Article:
5 Popular Interviewing Techniques That Can Cost You the Job
Here are the mistakes we’ve noticed with hundreds of our clients that you want to avoid. Almost the exact opposite is taught very widely in popular interviewing books and is costing people jobs across the country. Our goal with these short tips is to reverse that.
1. Failing to quickly build instant credibility quickly
Companies hire people they “like” and “trust”. Instead of memorizing answers to common interviewing questions, you want to focus on creating more like-ability and learning how to build instant credibility.
The most common non-verbal objection every hiring manager has is “I don’t believe you!” and you need to handle this objection quickly, otherwise you run the risk of being asked lots of technical and in-depth questions about your experience, which can get very uncomfortable.
One of the best ways of building instant credibility is through asking strategic Expertise Questions.
While Expertise Questions are covered in detail at our Interviewing Mastery workshop, let me give you a quick example:
“Is your SDLC process Agile or Waterfall?”
This type of question allows you to showcase your expertise in Software Development Life Cycles (SDLC) methodologies.
Once your credibility is established you’ll notice the hiring manager go very easy on you during the remainder of the interview.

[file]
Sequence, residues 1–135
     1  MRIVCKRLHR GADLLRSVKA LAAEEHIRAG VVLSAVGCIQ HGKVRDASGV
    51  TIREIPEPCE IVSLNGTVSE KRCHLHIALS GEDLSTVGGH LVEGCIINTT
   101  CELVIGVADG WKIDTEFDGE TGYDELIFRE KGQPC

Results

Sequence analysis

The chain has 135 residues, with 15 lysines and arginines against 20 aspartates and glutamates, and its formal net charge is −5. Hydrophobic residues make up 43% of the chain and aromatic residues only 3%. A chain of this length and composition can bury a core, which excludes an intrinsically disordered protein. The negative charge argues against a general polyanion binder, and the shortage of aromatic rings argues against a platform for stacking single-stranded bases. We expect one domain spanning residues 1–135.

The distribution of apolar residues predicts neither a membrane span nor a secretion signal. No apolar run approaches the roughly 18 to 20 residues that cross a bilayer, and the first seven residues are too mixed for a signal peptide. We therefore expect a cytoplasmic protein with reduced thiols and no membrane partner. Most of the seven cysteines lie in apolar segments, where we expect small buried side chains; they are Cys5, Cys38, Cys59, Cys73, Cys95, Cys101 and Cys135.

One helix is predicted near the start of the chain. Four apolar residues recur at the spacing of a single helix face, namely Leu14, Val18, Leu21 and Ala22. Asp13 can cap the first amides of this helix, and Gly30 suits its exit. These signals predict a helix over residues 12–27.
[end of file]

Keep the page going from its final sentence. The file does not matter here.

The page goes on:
2. Failing to build quick psychological rapport with the interviewer
When we think of the word “rapport” we tend to think of the widely taught principle of finding shared interests. While this is a true to a point, shared interests are very hard to gauge during an interview and it can come across as disingenuous if they’re not previously planned for.
Instead, a more effective technique is to learn how to develop rapport with the interviewer at the deep psychological levels. Here is an article I’ve written that covers the basics on this “Are you speaking the hiring manager’s language?”
3. Failing to identify the hiring manager’s needs
You would think that the hiring manager’s needs are identified clearly on the job description. If you have attended our free Career Search Excellence seminar you know this is very far from the truth.
If you have established enough rapport and have done a great job building credibility, you can ask the hiring manager a series of questions to get to his or her true needs. Once you have those needs, you can then move onto showing how you’ve solved similar problems in the past.
4. Answering questions instead of telling stories
This is covered in detail in a former column I wrote, “Want the job? Learn how to become a great storyteller.”
5. Poor closing techniques
Here are some of the worst interviewing closing techniques of all time. You can do everything right, but if you use one of these popular-taught interviewing techniques, you run the risk of being rejected in the interview.
- “What are the next steps?”
- “When will you call me?”
- “Are you interviewing more candidates?”
- “How did I do?”
- “Do you have any questions or concerns about my experience?”
The first four show your desperation, while the last one shows your insecurities and creates doubt in the hiring manager’s mind.
Live Seminars in December
- December 5 (Bellevue, WA)
- December 8 (Bellevue, WA)
- December 10 (Bellevue, WA)